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Sin and Forgiveness

“Sin is fundamentally a kind of demonic force that masters us and makes us demonic slaves when we give in to it (John 8:34)…Being an existential problem rather than merely a legal one, sin therefore is a kind of sickness and even addiction. That means that forgiveness of sins involves changing the human person into someone who is in communion with God and in the process of becoming like Him instead of what results from demonic communion.” (Fr. Andrew Stephen Damick)

“Notice that on the cross Christ didn’t call us sinners, but instead He claimed that we were innocent, even as we crucified Him. “Forgive them, Father, for they know not what they do” (Lk 23:24). There is only one “Sinner” in his universe at that point. I think this will help us see in what way “the sinner” of the Jesus Prayer is Christ himself; it isn’t referring only to you because you have done wrong. It is also referring to Christ who, though blameless, was willing to let sinful human beings condemn and punish Him as a sinner, for the life of the world. You call yourself “the sinner” because He is your Bridegroom and you want to be one with Him, especially there on the cross where He poured out his life for all mankind…And incidentally, this is why you can’t be the only referent of “the sinner” in the Jesus Prayer; in that case, the prayer would leave you enclosed within yourself, rather than promoting your ecstatic union with Christ.” (Timothy G. Patitsas)

“The assurance of our forgiveness through the blood of Christ rests on the fact that the Lord’s offering of Himself for the life of the world is non-repeatable. If it were not “once for all,” then more would have had to be accomplished. Sacrifices for sin would have had to continue. But when would these offerings be enough? But through the power of the cross, God’s forgiveness is total and complete. It does not demand anything more than repentance and faith in the grace of God. God no longer remembers our sin and can cleanse it from our hearts so that we can put it behind us.” (Fr. Basil)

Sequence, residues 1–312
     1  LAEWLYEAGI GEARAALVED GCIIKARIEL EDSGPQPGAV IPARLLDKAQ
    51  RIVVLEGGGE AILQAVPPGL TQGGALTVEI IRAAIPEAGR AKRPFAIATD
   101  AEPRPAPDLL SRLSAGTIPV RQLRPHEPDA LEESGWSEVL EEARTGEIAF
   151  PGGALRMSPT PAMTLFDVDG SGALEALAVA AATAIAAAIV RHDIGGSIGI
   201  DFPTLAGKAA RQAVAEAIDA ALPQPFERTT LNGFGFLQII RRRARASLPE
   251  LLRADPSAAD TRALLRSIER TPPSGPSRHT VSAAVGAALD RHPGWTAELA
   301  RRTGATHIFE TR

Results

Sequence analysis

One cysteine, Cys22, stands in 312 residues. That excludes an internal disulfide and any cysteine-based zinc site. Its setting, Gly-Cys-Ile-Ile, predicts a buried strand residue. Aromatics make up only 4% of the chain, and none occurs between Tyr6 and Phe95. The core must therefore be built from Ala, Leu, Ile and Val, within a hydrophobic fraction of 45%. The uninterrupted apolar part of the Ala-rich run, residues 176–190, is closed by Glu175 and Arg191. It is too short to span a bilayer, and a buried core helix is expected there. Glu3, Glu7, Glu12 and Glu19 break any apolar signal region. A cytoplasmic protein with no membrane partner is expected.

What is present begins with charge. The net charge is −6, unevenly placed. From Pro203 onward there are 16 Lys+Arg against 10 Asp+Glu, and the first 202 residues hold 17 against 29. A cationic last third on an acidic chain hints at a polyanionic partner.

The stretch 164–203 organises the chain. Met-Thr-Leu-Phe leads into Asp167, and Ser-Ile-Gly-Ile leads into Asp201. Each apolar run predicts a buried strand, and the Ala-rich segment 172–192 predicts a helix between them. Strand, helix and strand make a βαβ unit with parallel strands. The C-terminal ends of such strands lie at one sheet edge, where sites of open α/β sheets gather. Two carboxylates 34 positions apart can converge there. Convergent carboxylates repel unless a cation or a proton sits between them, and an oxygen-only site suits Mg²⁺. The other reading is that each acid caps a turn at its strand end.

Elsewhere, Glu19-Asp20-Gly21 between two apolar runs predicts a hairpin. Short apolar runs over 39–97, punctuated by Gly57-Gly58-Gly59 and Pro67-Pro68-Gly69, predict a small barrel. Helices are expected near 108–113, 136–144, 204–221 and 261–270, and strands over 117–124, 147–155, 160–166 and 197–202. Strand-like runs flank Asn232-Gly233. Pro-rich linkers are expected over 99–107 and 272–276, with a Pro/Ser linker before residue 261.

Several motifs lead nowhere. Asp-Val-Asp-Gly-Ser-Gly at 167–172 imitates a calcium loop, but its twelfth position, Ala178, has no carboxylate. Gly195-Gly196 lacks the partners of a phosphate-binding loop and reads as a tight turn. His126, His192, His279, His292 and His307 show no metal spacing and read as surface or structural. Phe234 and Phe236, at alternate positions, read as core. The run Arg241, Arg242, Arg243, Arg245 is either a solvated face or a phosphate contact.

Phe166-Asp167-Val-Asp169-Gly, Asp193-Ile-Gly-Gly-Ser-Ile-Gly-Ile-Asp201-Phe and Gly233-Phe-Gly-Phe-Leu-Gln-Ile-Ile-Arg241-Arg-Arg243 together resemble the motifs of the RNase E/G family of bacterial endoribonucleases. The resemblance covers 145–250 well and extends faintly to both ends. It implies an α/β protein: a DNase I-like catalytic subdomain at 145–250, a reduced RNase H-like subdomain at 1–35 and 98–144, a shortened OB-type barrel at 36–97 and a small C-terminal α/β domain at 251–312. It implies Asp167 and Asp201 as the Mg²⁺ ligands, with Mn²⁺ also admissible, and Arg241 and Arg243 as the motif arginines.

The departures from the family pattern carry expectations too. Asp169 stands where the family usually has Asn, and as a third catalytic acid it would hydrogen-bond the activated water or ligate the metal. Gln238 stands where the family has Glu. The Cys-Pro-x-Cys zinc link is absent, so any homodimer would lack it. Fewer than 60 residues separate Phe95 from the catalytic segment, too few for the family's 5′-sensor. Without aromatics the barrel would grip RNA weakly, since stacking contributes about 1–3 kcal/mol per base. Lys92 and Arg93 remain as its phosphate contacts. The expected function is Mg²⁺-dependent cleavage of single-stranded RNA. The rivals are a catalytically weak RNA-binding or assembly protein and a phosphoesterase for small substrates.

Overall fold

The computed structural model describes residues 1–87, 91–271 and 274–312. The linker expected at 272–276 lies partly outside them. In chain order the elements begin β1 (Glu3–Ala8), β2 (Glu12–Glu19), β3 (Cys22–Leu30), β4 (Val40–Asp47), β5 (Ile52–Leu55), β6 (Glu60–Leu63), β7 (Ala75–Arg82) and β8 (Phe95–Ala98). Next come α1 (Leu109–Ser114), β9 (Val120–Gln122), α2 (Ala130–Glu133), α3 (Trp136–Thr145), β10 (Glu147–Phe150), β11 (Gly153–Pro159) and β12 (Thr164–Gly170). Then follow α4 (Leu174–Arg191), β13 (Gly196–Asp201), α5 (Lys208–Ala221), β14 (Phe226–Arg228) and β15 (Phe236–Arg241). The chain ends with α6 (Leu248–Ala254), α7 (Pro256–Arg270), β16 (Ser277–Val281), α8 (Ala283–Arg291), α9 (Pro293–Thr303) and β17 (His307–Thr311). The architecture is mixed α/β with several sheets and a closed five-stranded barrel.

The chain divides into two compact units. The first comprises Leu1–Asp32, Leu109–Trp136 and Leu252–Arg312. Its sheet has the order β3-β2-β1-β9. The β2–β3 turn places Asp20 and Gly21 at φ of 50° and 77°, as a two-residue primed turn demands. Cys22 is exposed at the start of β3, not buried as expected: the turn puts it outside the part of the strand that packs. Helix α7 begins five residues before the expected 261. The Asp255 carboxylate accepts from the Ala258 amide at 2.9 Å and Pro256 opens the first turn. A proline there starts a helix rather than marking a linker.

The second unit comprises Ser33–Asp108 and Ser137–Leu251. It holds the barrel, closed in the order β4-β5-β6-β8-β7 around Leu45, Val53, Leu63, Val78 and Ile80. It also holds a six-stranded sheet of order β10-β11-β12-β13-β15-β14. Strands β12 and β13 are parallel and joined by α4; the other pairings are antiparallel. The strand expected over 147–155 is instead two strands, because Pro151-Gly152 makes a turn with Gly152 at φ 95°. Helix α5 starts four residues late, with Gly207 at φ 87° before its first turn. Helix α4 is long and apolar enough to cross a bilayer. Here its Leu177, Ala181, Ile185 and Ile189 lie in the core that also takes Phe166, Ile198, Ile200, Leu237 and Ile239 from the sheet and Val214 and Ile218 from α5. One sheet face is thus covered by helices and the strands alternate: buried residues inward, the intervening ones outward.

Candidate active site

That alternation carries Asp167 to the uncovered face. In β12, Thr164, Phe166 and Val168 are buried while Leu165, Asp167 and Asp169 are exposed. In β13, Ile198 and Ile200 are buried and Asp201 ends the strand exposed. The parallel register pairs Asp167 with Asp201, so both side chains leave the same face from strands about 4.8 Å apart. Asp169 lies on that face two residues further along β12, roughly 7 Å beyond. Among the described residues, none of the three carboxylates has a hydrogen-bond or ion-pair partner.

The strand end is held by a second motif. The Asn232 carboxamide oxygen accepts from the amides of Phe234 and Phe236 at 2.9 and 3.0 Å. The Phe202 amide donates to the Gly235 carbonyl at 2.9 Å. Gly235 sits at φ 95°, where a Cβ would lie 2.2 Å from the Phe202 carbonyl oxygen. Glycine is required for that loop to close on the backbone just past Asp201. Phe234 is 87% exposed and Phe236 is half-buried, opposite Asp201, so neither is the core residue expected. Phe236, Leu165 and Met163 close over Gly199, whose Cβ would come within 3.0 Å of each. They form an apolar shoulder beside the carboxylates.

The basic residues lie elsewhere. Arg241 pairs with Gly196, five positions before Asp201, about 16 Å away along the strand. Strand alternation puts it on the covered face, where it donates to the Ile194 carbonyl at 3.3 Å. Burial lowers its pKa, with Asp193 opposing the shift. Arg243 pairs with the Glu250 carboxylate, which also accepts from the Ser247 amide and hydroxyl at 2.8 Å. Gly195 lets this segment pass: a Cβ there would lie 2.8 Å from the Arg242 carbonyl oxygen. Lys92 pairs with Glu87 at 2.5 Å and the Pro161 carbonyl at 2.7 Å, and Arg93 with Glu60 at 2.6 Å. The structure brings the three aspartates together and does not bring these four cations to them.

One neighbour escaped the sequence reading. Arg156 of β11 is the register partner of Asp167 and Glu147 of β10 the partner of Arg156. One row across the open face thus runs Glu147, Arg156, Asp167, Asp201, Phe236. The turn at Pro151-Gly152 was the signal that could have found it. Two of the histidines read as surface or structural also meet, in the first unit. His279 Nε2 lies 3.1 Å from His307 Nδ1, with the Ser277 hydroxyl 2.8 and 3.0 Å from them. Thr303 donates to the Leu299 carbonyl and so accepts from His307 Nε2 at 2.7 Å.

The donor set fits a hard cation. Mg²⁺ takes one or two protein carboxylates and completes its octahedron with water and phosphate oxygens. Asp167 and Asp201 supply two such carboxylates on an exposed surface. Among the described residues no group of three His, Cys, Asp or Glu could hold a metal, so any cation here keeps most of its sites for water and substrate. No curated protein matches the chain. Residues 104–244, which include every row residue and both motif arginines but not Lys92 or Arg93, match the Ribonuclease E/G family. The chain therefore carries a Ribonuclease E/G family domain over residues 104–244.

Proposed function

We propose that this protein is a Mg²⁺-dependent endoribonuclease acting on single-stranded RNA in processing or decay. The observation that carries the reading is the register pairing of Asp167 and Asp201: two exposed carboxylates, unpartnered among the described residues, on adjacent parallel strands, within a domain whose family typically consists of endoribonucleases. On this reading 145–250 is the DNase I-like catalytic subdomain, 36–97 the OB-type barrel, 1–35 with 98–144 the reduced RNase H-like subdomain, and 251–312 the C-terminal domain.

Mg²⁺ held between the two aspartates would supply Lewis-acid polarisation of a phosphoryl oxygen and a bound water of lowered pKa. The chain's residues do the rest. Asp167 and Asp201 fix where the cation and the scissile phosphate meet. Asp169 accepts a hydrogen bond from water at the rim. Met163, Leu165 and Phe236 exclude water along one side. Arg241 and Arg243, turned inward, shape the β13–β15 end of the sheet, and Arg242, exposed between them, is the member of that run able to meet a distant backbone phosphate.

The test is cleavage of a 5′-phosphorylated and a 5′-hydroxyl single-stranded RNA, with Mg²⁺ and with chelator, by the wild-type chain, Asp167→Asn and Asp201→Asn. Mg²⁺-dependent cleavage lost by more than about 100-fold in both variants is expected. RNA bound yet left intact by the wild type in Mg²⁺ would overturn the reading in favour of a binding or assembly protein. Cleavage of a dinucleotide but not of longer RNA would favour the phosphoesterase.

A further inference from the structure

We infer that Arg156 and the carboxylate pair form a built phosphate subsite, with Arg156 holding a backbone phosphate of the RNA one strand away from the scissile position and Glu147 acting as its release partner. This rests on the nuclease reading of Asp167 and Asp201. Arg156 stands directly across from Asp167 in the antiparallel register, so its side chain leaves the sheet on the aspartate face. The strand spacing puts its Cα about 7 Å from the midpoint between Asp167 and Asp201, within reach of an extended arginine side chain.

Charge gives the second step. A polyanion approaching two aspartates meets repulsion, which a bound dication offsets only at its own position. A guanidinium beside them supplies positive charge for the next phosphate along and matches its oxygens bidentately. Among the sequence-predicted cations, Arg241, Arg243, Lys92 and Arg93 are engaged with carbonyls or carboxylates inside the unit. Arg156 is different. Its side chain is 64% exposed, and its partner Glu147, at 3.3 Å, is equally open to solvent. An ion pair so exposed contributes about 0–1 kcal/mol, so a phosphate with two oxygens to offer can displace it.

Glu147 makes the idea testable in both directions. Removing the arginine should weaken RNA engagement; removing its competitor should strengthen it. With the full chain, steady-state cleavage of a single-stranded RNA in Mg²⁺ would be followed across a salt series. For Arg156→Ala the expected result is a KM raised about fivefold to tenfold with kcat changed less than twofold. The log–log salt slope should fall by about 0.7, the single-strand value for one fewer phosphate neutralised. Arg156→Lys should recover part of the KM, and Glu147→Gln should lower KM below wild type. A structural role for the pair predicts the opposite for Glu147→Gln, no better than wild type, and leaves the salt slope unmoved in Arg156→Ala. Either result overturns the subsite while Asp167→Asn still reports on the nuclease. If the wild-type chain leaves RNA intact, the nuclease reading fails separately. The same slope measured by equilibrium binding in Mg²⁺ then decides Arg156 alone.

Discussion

“As fellow workers with Christ, we must become neither religious legalists nor those who reduce grace to mere forgiveness for breaking laws. Neither of those perspectives heals the soul and helps us to become more beautiful living icons of Christ. The Savior calls us to become nothing less than true “partakers of the divine nature” who manifest personally His fulfillment of our vocation to become like God in holiness. Like an iron left in the fire until it becomes literally red hot, those united personally to Christ will become radiant with the divine energies such that the holiness of the God-Man permeates every dimension of who we are as embodied persons.” (Fr. Philip LeMasters)

“If you become a hater of evil, free of rancor, not remembering yesterday’s enmity; if you become brother-loving and compassionate, you are like God. If you forgive your enemy from your heart, you are like God. If as God is toward you, the sinner, you become the same toward the brother who has wronged you, by your goodwill from your heart towards your neighbor, you are like God. As you have that which is according to the image through your being rational, you come to be according to the likeness by undertaking kindness. Take on yourself ‘a heart of compassion, kindness,’ that you may put on Christ.” (Nonna Harrison)


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